Domestic violence is one of the dirty secrets that many people like to ignore. They convince themselves it only happens to strangers. But the truth is that 3 women A DAY are killed by the hands of their husband or boyfriends.
Are you aware that, nearly one-third of American women report being physically or sexually abused by a husband or boyfriend at some point in their lives according to the Family Violence Prevention Fund. They come from all walks of life and could be your daughter, sister, friend or neighbor. So why would a woman stay with a man who is hurting her?
Surviving Domestic Violence
Aurea McGarry, successful entrepreneur and author of the new book “I Won’t Survive…I’ll Thrive,” believes that many women become stuck in physically and verbally abusive relationships because they don’t immediately recognize what’s happening.
“The first thing an abusive man does is separate his spouse from her friends and family and keep her isolated,” says McGarry. “By the time you begin to understand that you’re in an abusive relationship, he’s cut out the legs of your support system.”
McGarry speaks from experience. Her first marriage to a pastor’s son ended badly. She says her ex-husband was physically and verbally abusive. Prior to their wedding when they were just dating, she misinterpreted his jealousy for attentiveness.
That naivete is a contributing factor to the current epidemic of teen dating violence. Often, teenage girls don’t realize that their boyfriend’s behavior is abusive; they believe it is normal or a part of being in love so they continue the relationship.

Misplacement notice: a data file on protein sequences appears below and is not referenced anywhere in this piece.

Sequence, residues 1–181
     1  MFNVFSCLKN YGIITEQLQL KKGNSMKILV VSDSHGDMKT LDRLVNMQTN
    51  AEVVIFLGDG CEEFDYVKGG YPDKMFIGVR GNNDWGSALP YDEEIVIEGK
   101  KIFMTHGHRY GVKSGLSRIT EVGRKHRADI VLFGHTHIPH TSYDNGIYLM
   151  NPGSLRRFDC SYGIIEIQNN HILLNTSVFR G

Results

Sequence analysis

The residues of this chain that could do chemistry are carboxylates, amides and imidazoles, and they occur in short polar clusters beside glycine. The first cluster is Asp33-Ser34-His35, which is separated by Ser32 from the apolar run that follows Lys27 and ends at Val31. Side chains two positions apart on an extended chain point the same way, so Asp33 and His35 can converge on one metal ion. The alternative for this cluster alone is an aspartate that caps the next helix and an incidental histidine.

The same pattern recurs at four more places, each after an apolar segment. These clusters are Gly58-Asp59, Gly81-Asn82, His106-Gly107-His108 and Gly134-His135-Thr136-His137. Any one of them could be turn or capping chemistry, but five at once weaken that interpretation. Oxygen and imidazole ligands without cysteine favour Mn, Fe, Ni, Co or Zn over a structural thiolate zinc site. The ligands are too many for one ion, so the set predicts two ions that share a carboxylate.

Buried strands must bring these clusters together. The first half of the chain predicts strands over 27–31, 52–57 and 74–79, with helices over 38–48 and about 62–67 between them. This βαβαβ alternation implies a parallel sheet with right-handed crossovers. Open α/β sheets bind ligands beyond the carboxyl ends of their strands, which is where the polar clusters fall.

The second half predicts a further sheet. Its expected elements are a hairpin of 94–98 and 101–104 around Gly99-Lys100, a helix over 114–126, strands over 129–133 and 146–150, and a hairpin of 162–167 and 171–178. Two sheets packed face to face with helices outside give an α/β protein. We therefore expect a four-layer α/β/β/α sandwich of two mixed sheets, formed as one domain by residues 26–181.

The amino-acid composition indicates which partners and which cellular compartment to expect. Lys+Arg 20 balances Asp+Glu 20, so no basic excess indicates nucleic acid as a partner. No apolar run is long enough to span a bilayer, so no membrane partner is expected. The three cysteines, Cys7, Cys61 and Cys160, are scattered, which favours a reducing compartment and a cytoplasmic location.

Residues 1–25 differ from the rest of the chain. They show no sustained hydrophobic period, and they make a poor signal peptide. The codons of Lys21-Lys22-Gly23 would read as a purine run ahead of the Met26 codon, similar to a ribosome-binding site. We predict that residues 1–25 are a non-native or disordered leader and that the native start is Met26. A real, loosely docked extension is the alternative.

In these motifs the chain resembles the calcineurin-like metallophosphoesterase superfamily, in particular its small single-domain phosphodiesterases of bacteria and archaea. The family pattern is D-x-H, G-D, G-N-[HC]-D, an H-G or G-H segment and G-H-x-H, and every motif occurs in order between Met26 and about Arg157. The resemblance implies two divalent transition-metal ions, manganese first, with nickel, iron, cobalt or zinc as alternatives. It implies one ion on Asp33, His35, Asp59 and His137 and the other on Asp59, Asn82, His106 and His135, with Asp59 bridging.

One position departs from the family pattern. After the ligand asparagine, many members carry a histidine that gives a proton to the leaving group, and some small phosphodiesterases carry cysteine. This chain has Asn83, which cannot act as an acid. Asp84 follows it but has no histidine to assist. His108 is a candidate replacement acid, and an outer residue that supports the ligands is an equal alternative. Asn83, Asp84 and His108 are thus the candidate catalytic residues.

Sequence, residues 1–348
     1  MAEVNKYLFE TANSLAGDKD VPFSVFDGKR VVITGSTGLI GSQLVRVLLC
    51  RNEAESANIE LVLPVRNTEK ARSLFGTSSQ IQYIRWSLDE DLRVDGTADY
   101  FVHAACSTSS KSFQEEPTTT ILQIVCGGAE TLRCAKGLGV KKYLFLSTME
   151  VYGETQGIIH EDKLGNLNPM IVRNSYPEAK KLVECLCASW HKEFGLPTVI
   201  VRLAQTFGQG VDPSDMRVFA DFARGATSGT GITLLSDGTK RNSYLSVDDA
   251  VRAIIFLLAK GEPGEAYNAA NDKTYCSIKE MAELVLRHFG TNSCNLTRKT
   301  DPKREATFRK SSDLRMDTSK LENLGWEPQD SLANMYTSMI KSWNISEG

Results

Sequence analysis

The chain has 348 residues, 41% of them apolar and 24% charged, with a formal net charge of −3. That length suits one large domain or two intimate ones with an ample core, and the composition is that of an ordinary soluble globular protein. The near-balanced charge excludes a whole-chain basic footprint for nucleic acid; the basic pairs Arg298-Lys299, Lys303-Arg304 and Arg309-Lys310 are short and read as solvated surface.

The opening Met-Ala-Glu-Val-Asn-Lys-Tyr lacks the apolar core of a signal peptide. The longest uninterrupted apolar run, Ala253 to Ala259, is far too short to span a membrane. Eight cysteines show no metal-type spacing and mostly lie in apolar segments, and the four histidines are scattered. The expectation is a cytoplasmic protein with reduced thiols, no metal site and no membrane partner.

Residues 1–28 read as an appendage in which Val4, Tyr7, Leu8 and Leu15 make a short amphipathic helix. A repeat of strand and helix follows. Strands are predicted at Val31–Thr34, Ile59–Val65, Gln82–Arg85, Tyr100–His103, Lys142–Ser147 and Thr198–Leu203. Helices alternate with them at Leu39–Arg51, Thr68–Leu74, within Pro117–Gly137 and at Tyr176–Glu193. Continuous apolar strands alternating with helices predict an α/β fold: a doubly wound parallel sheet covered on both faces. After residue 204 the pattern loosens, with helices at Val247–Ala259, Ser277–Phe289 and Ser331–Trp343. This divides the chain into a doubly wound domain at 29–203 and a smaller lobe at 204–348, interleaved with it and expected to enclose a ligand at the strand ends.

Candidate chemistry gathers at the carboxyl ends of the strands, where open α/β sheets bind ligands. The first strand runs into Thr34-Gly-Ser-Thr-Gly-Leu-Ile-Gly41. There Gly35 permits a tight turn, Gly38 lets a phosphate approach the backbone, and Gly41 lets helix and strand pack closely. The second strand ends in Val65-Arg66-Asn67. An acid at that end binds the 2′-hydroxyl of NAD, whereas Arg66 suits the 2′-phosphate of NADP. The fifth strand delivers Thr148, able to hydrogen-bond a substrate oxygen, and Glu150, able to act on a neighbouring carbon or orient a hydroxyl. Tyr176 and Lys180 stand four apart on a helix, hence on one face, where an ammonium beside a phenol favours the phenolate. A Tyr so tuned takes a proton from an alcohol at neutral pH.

Teen Domestic Violence
Health experts point to the growing problem of teen domestic violence as a link in a vicious cycle. An estimated 3 million American women are abused each year. Because children are witnessing verbal or physical abuse in their homes, they begin to believe it is acceptable. Once they begin dating, many of them emulate the relationships they saw as kids.
“I think we need to begin as early as elementary school, teaching children what is acceptable and unacceptable treatment of their fellow humans,” says McGarry. “It should be instilled in young girls that violence is not acceptable and love is not supposed to hurt you.”
Another factor that often keeps women trapped-aside from fear-is a lack of self-esteem. They may believe they deserve this type of treatment; that if they only did things better the abuse would stop.
McGarry says starting her own business gave her a sense of accomplishment and self-worth. The recognition she received from colleagues boosted her self-esteem and helped push her in a different direction; away from her husband.
She says after leaving him, she came to an amazing realization: no matter what she tried doing to please him, it wouldn’t change his abusive ways.